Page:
And in case you doubt me, bear in mind that Apple Store employees have been specifically instructed to be very, very careful about who they sell an MBA to. They're supposed to err on the side of caution every time and make sure the customer understands everything, because the last thing they want is for a customer to get their MBA home and then be ticked off at Apple because of the lack of built-in optical drive, lack of superfluous USB ports, lack of FireWire, limited hard drive space (compared to MBs and MBPs), etc. More than any other notebook Apple (or probably anyone else) makes, the MBA is a precision instrument: It lives at the far-right end of the Bell Curve.
     
  6. SodiumBenzoate macrumors regular

    Joined:
    Feb 10, 2008
    #6
    It's a pretty dead-on comparison with the Lenovo X300. They're very close in size and weight (fractions of an inch and tenths of a pound, depending on the model) and very close in price (when comparing the X300 to the SSD MBA).

    Obviously, if you decide that they need to both have OS X to be comparable, then nothing is (unless you decide to Hackintosh it, which is an activity of questionable legality).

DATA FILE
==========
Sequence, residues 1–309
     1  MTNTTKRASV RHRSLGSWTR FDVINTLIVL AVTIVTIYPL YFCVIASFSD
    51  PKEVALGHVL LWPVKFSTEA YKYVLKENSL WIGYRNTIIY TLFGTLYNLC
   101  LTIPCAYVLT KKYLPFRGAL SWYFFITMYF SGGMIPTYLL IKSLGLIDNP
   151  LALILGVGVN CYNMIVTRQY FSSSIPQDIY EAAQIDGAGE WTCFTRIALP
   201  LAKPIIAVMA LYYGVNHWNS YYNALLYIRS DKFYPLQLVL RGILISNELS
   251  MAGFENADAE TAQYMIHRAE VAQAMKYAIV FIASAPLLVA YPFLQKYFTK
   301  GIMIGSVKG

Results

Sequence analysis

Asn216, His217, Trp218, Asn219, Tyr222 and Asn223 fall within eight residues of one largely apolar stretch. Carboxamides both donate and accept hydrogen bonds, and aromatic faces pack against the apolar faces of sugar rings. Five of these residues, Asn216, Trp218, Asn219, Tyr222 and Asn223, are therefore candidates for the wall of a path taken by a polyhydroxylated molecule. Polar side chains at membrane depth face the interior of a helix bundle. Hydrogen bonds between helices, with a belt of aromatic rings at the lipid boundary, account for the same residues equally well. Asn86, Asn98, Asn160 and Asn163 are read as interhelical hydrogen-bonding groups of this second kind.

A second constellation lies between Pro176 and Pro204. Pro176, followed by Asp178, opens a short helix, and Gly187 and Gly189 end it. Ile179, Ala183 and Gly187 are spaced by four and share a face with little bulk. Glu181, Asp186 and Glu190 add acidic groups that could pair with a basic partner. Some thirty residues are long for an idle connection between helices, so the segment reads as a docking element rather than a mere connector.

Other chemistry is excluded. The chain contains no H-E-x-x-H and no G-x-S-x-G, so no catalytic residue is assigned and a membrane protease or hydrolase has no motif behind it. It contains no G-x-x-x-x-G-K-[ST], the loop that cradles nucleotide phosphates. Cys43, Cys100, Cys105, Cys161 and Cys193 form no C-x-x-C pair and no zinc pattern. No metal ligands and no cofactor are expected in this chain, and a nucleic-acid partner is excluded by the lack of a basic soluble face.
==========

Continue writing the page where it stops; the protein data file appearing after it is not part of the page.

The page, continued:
7. Clix Pix macrumors demi-goddess

    Clix Pix

    Joined:
    Oct 9, 2005
    Location:
    8 miles from the Apple Store at Tysons (VA)
    #7
    The first time that I saw the MBA at my local Apple store, I played with it, asked a few questions of the sales associate standing at the table, hugged the MBA and left the store knowing I'd be back when they had them actually in stock for purchase. A week later, I went in there and announced to the sales associate who had immediately approached me and offered his assistance that I wanted an MBA, the SSD model, plus the external drive and the ethernet dongle. He seemed a bit surprised -- I think because I hadn't even gone near the MBA table, hadn't asked any questions, had just stated what I wanted. While waiting for my MBA to come out to me from the back room, I looked over at the table where they were displayed and saw several people there, including a sales associate......

    Right, the MBA is not for everyone, and I think Apple realizes this. Those who are in an Apple store who have the opportunity to touch and play with all the various models are definitely at an advantage as compared to those who cannot physically see and touch a machine until it arrives on their doorstep from the Apple.com site.